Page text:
Another benefit of using antioxidants is that they allow customer to pick fuels based on qualifications other than stability, Meier continues. "REG makes biodiesel from a variety of feedstocks," he says. "Some of these feedstocks have more natural antioxidants than others." By using antioxidant additives, REG can take a fuel containing fewer natural antioxidants, and make it equivalent to a fuel that contains more. This allows customers to pick fuel based on other qualifications, such as cetane levels or cloud point without worrying about oxidative stability. "Regardless of the feedstock, we can meet whatever oxidative stability specification they were looking for," Meier says.

Addressing Thermal Decomposition
For transportation biodiesel, the issues of heat and oxidation are generally associated with storage. However, those researching the use of biodiesel fuel in aviation applications face a different set of challenges. This is because aviation fuels are also subjected to high temperatures during use. In order to use biodiesel-based fuels in the aviation industry, researchers must be able to find a way to mitigate the effects of thermal decomposition.

Researchers at the National Institute of Standards and Technology discovered a way to overcome this problem while developing methods to overcome biodiesel's instability in distillation tests. In late 2008 researchers led by Thomas J. Bruno, NIST's leader of Properties for Process Separations Group, along with students Arron Wolk and Alex Naydich, published a paper in the Feb. 19, 2009 issue of Energy & Fuels titled, "Stabilization of Biodiesel Fuel at Elevated Temperature with Hydrogen Donors: Evaluation with the Advanced Distillation Curve Method". The paper describes the team's findings.

"We found two things," says Bruno. "We found that we can use the advanced distillation curve method to assess the stability at high temperatures of B100, and we found we can use it to determine that certain kinds of additive species are effective at high temperature."

Traditional distillation curves work by providing a measurement of the percentage of a liquid that evaporates as the sample is heated. Different components in a fuel mixture have different boiling points, which allow researchers to determine how much of each component each fraction of the liquid contains. The advanced distillation curve method developed by NIST researchers expands on the test's capabilities by providing low uncertainties and allowing for analysis of the chemical composition of each fraction. The curve itself is represented visually by plots on a graph. When researchers can replicate these data points with multiple samples of a fuel, they know the distillation curve is accurate. This is represented by a low standard deviation, typically about 0.4 degrees.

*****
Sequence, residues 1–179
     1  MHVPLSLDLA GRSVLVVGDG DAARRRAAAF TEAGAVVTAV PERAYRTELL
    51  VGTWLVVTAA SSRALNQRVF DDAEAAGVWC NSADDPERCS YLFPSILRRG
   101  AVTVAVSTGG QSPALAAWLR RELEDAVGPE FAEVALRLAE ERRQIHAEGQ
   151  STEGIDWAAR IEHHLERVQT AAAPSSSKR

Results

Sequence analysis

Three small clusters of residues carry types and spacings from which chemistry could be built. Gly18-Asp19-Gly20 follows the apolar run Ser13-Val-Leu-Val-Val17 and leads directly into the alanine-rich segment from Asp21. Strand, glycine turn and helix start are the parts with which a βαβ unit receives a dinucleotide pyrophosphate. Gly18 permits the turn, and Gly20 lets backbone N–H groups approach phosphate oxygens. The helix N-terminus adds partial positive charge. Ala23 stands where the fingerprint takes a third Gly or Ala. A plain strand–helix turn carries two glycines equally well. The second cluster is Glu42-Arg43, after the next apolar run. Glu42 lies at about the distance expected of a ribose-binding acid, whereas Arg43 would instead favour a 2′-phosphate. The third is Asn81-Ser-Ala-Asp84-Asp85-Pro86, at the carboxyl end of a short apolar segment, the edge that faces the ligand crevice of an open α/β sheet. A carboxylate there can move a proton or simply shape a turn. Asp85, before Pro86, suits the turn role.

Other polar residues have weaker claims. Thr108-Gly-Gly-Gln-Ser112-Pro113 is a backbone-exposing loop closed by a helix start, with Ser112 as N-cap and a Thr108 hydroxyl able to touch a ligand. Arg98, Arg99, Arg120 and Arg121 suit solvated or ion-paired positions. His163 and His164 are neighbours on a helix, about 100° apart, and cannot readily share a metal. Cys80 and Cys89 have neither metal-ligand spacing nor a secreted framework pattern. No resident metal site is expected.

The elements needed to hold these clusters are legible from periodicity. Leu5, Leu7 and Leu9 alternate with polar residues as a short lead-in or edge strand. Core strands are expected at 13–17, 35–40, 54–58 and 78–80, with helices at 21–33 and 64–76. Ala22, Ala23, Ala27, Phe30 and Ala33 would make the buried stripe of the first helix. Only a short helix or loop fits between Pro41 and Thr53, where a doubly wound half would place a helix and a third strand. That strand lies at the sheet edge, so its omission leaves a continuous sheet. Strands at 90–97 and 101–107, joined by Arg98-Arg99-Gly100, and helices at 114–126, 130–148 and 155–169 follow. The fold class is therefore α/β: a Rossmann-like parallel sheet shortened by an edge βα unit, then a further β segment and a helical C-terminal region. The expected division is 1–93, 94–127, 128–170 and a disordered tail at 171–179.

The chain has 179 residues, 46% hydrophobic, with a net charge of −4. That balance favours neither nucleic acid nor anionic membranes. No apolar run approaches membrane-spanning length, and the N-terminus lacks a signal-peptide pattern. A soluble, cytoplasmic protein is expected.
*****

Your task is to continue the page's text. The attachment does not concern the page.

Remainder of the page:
When the research team attempted to analyze B100 using this method, they experienced a high rate of variability even when several tests were run on the same biodiesel sample lot. The standard deviation was up to 8 degrees.

"What we theorized was happening was that [the B100] was oxidatively decomposing because of the high temperature," says Bruno. To overcome this thermal decomposition effect, the researchers effectively removed the oxygen from the testing environment by blanketing the test fluid with argon gas. "Low and behold, what happened was all of a sudden we were able to measure distillation curves that were right on top of each other again," he continues. This means that the standard deviation was once again within an acceptable range. The researchers had mitigated the effects of thermal decomposition and were able to accurately plot the distillation curve of the B100.

The researchers further theorized that adding hydrogen donors to the B100 would increase the stability of the biodiesel and allow them to produce distillation curves with similar standard deviations, even when the samples were tested without the blanket of argon gas.

"Hydrogen donors are species that when added to fuel at high temperature will decrease free radical reactions by scavenging oxygen," says Bruno. "They do this by donating hydrogen. What we decided to do was determine whether or not you could stabilize B100 with a hydrogen donor, and we decided to use the distillation curve approach to actually assess the stability."

The team tested three hydrogen donors; tetrahydroquinoline, tetrahydronaphthalene and trans-decahydronaphthalene. While all three were effective to a degree, tetrahydroquinoline and trans-decahydronaphthalene were most effective in reducing the standard deviation to levels similar to those of the B100 blanketed in argon gas. This is of practical importance because aviation fuel is often re-circulated and used as a coolant in the engine before it is burned, according to Bruno.

"If you were to ever use something like B100 as an aviation fuel, this would be of importance," Bruno says. "You could not use straight B100 unless you deoxygenate it somehow as an aviation fuel, because it is just not stable enough…You have to preserve its chemical integrity for a bit longer and at a bit higher temperature than simple B100 will provide you without an additive."

Bruno says he hopes to complete additional research on commercially produced bio-based jet fuel in the future. "The difficulty has been in getting samples of it," he says. He is currently looking to collaborate with companies producing bio-based aviation fuels.

Erin Voegele is an associate editor for Ethanol Producer Magazine. Reach her at or (701) 373-8040.